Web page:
Melody Flurry <imagine1harmony@...>
Thank you for pointing out the fact that I wasn't very mindful of my statement and made an incorrect broad generalization. I did not mean to sound as though I think all advertising is bad (especially since my husband works in this field!). I actually like certain commercials, especially ones that I find amusing. Let me clarify somewhat--It seems that certain commercials which air on stations that are geared toward children try to make it seem as though kids need this or that toy in order to be fantastically happy. Maybe I'm just misinterpreting their intent. In any case, it bothers me that sometimes after viewing these commercials, my children will say "Can we get that?" and when I say no, and explain why I made that decision (for the expense of it, for example) then they sometimes (not always) get upset. I guess my point is that if they weren't bombarded with advertising during their favorite programs, I wouldn't occasionally have to go through this discussion. Not
that I mind having discussions with them, I guess it has more to do with helping them get to a place where they can understand that sometimes what you see isn't what you get, or to help them understand that just because you want something doesn't mean that it is wise to get it. I might want a new car--regardless of where I saw it--but it might not be wise to buy it if it puts me under financial stress.
I really have to apologize, because I think my comment--which I did not put enough thought into when I wrote it--caused a concern that I didn't intend. I'm not against advertising, and I do feel that everyone has the capability to discern what they want and need (children as well as adults). It's just that sometimes I don't feel the need to discuss a commercial relating to drugs that treat genital herpes to my kids, but maybe that's just me! And maybe the reason I get annoyed with toy commercials has more to do with a sense of want and need among people in third world countries, who don't have clean water much less 4 different colors of supersize floam, than it does with my kids wanting something (only sometimes, not always!) Thanks for helping me to examine the reasons behind my statement.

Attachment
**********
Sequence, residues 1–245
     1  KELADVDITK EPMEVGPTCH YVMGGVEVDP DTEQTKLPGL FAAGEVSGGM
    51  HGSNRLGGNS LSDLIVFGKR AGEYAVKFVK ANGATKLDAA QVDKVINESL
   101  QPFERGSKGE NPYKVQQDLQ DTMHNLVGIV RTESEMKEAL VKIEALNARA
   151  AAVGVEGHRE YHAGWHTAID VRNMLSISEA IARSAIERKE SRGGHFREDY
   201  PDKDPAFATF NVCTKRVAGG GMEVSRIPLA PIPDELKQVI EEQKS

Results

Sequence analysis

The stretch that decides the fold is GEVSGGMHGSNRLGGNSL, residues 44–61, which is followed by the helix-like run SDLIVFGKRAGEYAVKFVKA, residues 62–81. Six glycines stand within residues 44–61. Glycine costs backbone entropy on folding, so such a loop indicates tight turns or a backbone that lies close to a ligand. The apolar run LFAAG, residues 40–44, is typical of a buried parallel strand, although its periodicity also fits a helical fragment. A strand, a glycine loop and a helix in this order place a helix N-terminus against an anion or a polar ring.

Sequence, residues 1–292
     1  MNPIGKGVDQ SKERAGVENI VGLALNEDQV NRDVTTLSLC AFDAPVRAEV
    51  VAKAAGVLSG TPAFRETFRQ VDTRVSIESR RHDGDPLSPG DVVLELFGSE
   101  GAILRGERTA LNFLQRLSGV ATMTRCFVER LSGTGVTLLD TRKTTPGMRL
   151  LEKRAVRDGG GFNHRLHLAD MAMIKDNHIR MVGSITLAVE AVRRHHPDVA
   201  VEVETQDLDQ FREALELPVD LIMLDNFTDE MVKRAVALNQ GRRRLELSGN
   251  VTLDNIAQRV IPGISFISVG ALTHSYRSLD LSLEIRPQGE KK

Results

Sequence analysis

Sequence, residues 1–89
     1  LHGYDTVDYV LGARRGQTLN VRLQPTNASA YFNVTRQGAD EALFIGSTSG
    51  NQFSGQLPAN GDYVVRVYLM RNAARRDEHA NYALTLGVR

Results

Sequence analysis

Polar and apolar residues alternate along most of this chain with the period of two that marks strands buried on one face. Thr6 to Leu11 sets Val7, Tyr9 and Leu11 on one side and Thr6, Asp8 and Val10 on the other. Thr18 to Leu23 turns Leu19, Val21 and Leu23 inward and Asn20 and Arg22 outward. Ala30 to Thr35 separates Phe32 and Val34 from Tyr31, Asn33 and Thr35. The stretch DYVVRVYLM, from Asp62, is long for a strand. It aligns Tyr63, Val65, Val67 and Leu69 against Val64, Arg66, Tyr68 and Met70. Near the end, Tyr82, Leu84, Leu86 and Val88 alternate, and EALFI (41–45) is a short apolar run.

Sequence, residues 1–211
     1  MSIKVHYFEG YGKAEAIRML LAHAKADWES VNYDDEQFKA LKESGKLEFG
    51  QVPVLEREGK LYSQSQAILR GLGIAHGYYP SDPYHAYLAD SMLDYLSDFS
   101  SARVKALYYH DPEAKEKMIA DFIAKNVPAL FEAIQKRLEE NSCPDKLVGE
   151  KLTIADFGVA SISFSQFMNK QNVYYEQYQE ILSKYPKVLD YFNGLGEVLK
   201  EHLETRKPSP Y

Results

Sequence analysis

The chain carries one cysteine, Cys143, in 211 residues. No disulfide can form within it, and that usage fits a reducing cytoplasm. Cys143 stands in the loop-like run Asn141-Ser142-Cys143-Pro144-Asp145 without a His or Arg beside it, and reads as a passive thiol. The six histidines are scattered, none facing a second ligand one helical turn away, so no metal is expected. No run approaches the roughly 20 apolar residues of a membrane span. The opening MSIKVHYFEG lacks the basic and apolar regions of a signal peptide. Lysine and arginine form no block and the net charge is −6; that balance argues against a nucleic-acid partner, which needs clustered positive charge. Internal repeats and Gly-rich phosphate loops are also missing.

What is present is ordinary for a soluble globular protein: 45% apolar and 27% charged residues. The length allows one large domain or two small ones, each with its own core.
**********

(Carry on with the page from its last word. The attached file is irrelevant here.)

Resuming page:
Sandra Dodd <Sandra@...> wrote:
> I don't like the fact that sometimes my children watch TV and
then come to me wanting everything they see.-=-The logic of this, though, is troubling-=-
And the statement of it troubled me.
"Sometimes" they want "everything"?
When parents make statements about children without carefully and
mindfully considering every word and every thought, they're not being
as careful as they need to be. When the statements are made in
writing in public, it's even more important.
Nobody wants "everything they see" but hundreds of thousands of
parents like to say things like that without thinking clearly, just
How is "the right way" to decide someone wants something? Those same
people who might get bristly at the cereal shelves at a mainstream
grocery store can go all soft and content at Wild Oats, though the
marketing strategy is just the same and the prices are way higher and
the quality might be a little higher.
If commercials are of the devil, and marketting strategy is
manipulation, is it okay to decide to want Zoombinis because Jocelyn
Vilter or Kelly Lovejoy thinks it's great? (I think it's great too;
that's not my point.)
Is it okay to decide to buy something because of a review in a
magazine? On a website? Consumer reports? I bought a dishwasher
last month, by reading Consumer Reports. Is that more virtuous than
if I had let a nice salesman kinda choose one for me and persuade
me? But our renters are probably going to get one just like I got,
because I told them they could buy one and give us the receipt (the
tenant can install it; very cool), but told them I really liked mine
and gave them a copy of that same report.
What if one of us saw a spiffy TV ad for that very model of
dishwasher. Then would we be somehow bound to ignore that to proove
we could think for ourselves?
Villifying something is a danger to our own clear thinking.
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